The twin spectacles of Republican lawmakers opposing one of their own for defense secretary and the conservative media slamming that nominee, Chuck Hagel, as a leftist, raises a thought-provoking question: What Obama nominee wouldn't the GOP oppose?
To get at the extremism that is exposed by such a question, let's broaden the scope of possible nominees. Imagine that, in the basement of the White House, President Obama had a machine that could let him travel to any time or dimension to recruit for his top positions in his administration. Then ask yourself: Would Republicans still oppose those all-star picks, even icons of their own party? The answers seem pretty clear:
11. Abraham Lincoln, R-Ill.
Billed as the founder of the modern Republican Party and yet also the political hero of Democratic President Obama, Lincoln seems at first glance to be a perfect consensus pick for any number of Cabinet slots in the Obama White House -- especially because he would get a boost from the Beltway's all-powerful neoconservative think tanks that admire his record of suspending habeas corpus for accused enemies of the state.
However, a fierce lobbying campaign by financial interests, budget hawks and Southern GOP lawmakers would imperil his nomination from the get-go.
Bank lobbyists, for instance, would leak a series of stories about quotes attributed to Lincoln showing what they would depict as a dangerously radical streak in his economic politics. These include a letter in which he is (inaccurately) said to have denounced the fact that "all wealth is aggregated in a few hands"; another letter in which he is alleged to have called bankers one of his two biggest enemies; and a speech in which historian Merill Peterson claims Lincoln had a "color of Marxism" in his thinking and ultimately became "the best friend labor ever had in the White House."
Republican budget cutters, meanwhile, would cite Lincoln's wartime spending on his era's version of stimulus -- railroad infrastructure, science research, land grant colleges -- to assert that he cannot be trusted to control the debt. And, of course, Republicans representing Confederate states along with ideologically aligned Libertarians would accuse Lincoln of disrespecting state sovereignty and pushing an unfunded federal mandate when he issued his Emancipation Proclamation.
10. Thomas Jefferson, D-Va.
The father of the Democratic Party, Jefferson's professed love of the common man and his Louisiana Purchase success in ripping off France could certainly give his Cabinet nomination an initial political boost with Republicans. That said, his nomination would be quickly doomed the moment GOP activist groups leaked this Jefferson quote to the press:
"I hope we shall crush in its birth the aristocracy of our moneyed corporations, which dare already to challenge our government to a trial of strength and bid defiance to the laws of our country.”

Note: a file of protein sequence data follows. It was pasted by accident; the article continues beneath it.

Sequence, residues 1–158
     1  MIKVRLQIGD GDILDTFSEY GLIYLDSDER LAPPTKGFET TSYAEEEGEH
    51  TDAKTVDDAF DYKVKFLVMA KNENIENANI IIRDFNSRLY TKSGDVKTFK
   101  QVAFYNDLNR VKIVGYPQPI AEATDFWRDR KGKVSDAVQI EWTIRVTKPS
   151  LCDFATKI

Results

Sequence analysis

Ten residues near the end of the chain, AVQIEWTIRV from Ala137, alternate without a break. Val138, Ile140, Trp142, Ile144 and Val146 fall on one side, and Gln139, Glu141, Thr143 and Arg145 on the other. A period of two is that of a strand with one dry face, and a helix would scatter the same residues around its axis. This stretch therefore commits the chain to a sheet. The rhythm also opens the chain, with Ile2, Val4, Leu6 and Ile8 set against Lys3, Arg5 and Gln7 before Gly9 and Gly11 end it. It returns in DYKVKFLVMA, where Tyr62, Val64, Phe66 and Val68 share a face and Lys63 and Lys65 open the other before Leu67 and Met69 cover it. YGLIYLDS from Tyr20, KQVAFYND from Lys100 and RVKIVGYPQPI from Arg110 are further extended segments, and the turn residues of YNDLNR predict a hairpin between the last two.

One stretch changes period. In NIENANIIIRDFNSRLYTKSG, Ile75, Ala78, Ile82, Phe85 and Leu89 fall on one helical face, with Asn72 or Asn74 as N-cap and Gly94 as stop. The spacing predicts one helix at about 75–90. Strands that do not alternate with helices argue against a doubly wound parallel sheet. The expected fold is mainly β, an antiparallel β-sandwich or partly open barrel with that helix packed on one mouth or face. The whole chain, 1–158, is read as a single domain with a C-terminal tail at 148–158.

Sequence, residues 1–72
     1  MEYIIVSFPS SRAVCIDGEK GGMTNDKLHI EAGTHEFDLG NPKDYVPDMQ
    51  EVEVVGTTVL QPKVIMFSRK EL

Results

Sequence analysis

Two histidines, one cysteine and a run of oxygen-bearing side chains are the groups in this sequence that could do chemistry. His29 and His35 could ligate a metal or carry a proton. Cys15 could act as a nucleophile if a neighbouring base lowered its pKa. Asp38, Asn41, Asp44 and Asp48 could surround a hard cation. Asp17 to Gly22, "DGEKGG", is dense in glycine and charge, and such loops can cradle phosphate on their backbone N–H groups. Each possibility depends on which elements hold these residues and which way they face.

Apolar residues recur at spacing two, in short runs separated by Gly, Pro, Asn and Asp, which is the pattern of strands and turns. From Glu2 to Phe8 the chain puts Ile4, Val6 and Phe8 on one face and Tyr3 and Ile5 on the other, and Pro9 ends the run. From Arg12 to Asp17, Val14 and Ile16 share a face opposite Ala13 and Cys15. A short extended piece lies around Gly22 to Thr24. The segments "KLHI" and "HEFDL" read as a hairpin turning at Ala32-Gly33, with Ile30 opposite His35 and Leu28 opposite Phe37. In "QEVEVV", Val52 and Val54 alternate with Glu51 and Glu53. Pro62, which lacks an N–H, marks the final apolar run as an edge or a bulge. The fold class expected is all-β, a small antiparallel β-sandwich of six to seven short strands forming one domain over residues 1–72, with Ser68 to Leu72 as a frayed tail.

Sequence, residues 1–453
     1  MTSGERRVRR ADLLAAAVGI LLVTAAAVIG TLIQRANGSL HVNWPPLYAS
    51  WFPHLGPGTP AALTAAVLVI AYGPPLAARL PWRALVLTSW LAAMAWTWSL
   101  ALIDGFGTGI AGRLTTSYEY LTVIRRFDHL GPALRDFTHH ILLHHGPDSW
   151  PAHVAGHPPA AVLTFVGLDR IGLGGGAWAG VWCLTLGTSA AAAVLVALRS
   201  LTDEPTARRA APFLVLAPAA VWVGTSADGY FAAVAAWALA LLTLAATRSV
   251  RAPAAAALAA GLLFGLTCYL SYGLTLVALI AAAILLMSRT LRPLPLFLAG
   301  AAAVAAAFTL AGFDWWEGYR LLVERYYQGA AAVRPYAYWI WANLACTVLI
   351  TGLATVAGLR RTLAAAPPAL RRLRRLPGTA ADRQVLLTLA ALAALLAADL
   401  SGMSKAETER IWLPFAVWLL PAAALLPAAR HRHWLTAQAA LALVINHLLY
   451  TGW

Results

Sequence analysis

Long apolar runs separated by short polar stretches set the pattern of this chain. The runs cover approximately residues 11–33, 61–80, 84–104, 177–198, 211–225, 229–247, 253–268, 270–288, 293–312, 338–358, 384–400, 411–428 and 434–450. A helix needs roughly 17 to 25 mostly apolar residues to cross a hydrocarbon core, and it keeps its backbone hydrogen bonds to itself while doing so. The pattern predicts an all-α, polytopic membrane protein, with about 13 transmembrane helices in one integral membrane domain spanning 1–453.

This would likely prompt a scathing Wall Street Journal editorial, and much hand-wringing from Wall Street-connected Democrats, ultimately resulting in calls for Jefferson to withdraw his nomination.
9. Barry Goldwater, R-Ariz.
Long credited with being the ideological inspiration of modern conservatism, former Arizona Sen. Barry Goldwater would have much trouble negotiating a successful Cabinet nomination with today's Senate Republican Conference thanks to both his positions on GOP hot-button issues like gay marriage and abortion, and his late-in-life move to defend Democrats.
As the Washington Post reported in a 1994 article headlined "Barry Goldwater's Left Turn," the Arizona firebrand became "a gay rights activist" by "championing homosexuals serving in the military ... work(ing) locally to stop businesses in Phoenix from hiring on the basis of sexual orientation (and) sign(ing) on as honorary co-chairman of a drive to pass a federal law preventing job discrimination against homosexuals."
Additionally, in conjunction with his libertarian principles, he became a vocal supporter of protecting a woman's right to choose, and, the Post notes, he applied "the full force of his cantankerous personality to frequent denunciations of the religious right and occasional defenses of Bill Clinton."
So while the famous Rachel Maddow-Rand Paul interview reminds us that today's GOP probably would have no problem with Goldwater refusing to support the 1964 Civil Rights Act (a move Goldwater later regretted), that same Republican Party would almost certainly have a problem with such an outspokenly pro-gay, pro-choice, anti-religious right Cabinet nominee from the Obama White House.